More than 1,000 pages of emails sent and received by Highland Park city employees during the six hours following the deadly 4th of July mass shooting reveal new details about the chaos that unfolded, as well as the offers of assistance and advice that they arrived. of the community
The final lineup of the parade obtained by NBC 5 Investigates shows the event had only reached entry number eight of 64, the Highland Park High School band, when the gunfire began around 10:14 a.m.
Emails obtained by NBC 5 Investigates paint a vivid picture of the hours that followed, beginning with the first messages arriving at 10:24 a.m., just minutes after the shooting. One of those initial emails is the first of several from the media asking about “reports of possible shooting.” Over the next six hours, various city employees received more than 80 inquiries from dozens of journalists, from both local and national news organizations, as well as international outlets from as far away as Canada and even New Zealand.
Also at 10:24 am, the first email came in offering assistance from a crime analyst with the Skokie Police Department. Several others arrived throughout the day from communities throughout the Chicagoland area, including Lake Zurich, Westmont, Warrenville, Northfield and more.
At 11:11 a.m., the Illinois State Terrorism and Intelligence Center sent out a bulletin notifying its email distribution list that it “received information on an active shooter” and “the situation is rapidly evolving.”
Then, at 11:17 a.m., a general message was issued requesting all Northern Illinois Police Alarm System personnel and vehicles to assist Highland Park Police by providing a staging location “in case that we are needed for a search for suspects.
A minute later, the Highland Park city manager informs the mayor and city council members that all holiday festivities have been cancelled, a perimeter has been set up around downtown, the FBI has been notified, and the shooter is still not under arrest. custody.
The first email indicating event cancellations in the area came just before 12 pm, when Northbrook sent out an email notifying that its own parade and fireworks had been canceled. Several more followed suit: Evanston, Glenview, Winnetka and others. Some like Glencoe and Lake Forest advised residents to stay home or indoors while the shooter was still at large.
After Highland Park Police Commander Chris O’Neill spoke shortly before 1 p.m. as the chase continued.
A person at 3:10 p.m. sent their video to police, saying it was taken as they crouched with their children and father for cover behind two parked cars.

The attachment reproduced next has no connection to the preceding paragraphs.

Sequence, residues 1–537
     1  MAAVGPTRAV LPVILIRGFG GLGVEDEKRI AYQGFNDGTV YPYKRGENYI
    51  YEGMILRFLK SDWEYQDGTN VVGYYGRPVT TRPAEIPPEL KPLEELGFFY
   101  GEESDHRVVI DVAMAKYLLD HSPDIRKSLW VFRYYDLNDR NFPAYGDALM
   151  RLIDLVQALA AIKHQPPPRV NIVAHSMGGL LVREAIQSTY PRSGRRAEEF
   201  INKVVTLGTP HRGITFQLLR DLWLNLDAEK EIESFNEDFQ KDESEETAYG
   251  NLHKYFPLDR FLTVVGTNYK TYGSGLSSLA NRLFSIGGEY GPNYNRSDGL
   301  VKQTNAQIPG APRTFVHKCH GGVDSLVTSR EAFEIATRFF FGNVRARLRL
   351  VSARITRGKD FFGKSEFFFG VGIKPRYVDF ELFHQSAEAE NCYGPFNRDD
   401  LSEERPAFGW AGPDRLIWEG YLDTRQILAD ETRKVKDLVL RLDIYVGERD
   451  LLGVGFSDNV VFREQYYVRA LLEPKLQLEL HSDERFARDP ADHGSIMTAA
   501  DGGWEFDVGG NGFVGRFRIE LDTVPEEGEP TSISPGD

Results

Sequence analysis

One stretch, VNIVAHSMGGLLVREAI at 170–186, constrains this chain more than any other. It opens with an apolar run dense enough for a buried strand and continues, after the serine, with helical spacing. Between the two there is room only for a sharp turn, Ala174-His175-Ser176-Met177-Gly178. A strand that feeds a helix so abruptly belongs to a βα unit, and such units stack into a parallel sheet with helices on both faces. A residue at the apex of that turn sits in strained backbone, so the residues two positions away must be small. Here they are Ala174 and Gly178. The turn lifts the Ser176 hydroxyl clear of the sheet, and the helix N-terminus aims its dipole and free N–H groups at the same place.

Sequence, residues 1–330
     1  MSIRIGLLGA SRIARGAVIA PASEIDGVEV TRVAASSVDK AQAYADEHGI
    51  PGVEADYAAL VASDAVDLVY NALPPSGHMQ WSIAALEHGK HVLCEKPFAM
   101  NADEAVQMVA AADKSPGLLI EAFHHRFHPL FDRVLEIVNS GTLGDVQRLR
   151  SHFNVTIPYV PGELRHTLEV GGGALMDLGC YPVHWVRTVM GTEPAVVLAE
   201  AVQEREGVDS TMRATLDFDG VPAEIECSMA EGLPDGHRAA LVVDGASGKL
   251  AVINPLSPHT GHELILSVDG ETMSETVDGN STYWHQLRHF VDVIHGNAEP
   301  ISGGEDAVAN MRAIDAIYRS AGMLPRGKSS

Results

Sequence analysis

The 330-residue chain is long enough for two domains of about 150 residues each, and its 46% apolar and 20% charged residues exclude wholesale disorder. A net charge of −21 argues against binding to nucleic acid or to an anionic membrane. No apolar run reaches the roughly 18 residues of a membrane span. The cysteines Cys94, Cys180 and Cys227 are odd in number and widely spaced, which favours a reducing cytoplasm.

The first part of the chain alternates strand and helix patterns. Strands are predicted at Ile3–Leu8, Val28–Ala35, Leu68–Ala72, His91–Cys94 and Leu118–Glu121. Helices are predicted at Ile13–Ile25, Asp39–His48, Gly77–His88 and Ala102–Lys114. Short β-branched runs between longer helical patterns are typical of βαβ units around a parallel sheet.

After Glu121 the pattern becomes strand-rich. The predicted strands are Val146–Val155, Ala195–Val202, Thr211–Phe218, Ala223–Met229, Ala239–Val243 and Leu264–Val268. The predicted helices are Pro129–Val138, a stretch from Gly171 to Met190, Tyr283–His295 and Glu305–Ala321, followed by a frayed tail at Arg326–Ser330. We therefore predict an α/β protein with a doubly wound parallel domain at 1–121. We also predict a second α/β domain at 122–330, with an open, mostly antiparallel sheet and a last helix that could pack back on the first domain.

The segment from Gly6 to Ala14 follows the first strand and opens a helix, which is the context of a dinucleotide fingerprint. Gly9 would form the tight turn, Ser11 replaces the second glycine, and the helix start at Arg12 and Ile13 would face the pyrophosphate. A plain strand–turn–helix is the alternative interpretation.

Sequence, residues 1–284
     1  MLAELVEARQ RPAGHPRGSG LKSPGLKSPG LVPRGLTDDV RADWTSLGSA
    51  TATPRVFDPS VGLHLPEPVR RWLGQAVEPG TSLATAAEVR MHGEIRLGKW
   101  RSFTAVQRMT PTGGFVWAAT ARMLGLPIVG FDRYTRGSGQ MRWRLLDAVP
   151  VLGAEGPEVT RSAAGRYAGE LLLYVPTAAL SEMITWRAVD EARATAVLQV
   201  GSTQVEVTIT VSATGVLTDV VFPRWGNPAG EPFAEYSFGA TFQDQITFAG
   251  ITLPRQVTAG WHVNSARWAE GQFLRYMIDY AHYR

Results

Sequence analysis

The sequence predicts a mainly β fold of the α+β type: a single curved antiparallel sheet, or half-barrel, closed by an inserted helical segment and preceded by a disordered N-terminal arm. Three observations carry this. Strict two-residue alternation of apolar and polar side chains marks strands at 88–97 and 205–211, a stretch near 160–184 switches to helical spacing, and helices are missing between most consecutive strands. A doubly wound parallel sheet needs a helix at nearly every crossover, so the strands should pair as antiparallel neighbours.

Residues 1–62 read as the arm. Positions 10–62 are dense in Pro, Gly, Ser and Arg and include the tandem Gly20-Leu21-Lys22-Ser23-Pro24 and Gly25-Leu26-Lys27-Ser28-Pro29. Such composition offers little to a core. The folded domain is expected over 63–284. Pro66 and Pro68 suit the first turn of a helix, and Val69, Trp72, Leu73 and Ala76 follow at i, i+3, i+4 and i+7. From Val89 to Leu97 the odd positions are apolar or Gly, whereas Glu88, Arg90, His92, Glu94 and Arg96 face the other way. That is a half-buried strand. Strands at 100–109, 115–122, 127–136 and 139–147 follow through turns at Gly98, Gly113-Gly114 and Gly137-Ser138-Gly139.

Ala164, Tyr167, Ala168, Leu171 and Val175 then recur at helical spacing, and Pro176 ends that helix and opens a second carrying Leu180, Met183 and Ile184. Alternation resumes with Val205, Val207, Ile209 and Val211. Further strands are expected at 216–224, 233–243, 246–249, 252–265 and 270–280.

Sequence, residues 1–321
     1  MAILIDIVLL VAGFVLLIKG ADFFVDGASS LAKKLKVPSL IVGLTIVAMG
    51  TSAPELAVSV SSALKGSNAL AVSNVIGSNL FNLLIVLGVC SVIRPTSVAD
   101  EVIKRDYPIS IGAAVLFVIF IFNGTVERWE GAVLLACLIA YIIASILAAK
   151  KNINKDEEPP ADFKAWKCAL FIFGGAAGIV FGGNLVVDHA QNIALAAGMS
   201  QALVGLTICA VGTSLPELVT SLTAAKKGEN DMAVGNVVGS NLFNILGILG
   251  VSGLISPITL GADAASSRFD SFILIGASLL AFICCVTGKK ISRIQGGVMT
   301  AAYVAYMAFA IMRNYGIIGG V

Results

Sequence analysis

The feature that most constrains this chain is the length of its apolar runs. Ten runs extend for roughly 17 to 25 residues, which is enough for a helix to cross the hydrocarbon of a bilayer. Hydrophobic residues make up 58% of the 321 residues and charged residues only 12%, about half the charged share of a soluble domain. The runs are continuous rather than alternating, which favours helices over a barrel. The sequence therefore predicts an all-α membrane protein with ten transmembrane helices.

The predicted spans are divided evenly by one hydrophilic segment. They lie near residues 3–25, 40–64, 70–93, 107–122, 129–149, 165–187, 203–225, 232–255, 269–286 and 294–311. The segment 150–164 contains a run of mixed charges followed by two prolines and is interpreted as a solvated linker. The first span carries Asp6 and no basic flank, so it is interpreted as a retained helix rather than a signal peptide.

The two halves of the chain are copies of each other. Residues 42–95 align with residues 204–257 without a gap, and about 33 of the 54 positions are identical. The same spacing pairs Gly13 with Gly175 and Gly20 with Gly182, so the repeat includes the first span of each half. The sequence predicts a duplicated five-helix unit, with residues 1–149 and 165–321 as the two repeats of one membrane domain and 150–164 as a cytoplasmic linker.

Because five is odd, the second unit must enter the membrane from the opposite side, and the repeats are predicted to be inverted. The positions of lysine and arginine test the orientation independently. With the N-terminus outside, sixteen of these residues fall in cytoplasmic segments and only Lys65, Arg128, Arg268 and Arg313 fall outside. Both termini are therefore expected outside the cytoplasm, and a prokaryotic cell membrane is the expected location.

“What a horrible and terrifying morning,” the insider wrote. “I hope you catch the monster.”
Minutes later, a Wilmette resident sent out a post found on social media, stating “you can hear the shooting over the band playing about 5-7 seconds into the video.”
Another video submission notes that it is relevant “in terms of the number of shots fired,” which police later revealed to be more than 80.
Throughout the afternoon, other offers of assistance poured in from members of a club no one wants to join: law enforcement officials who had previously seen their own communities at mass casualty events.
At 1:26 pm, the Waukesha City Manager reached out to offer assistance and consultation after running his city’s emergency operations following his own deadly tragedy at a Christmas parade last year.
In an unrelated message just three minutes later, gun violence prevention group Everytown sent Highland Park’s mayor resources that the organization said “we know other mayors have found helpful after a mass shooting,” including a protocol for the first 24 hours and a 200-plus-page “mass shooting playbook” that was “developed in collaboration with mayors whose communities have experienced mass shootings.”
At 1:57 p.m., a representative of the International Association of Chiefs of Police sent a note offering assistance from the organization’s Mass Violence Counseling Initiative, a program that “provides immediate peer-to-peer assistance to tasked leaders of enforcing the law after an incident of mass violence”. ”, enclosing brochures that include a list of their experts. The group’s advisory team includes officials who have led their communities during high-profile mass shootings at Virginia Tech, Sandy Hook, the Pulse nightclub, Parkland, the Las Vegas music festival shooting and more.
The latest email obtained is a message sent by the city at 4:07 p.m., noting that the investigation into the shooting was ongoing, the parade route “remains an active crime scene,” and officials “strongly recommend ” that residents continue to shelter in place. The note once again asked anyone with knowledge of the incident or photographic or video evidence to share their information.
Around 6:45 pm, the announcement was made: the suspect had been taken into custody.
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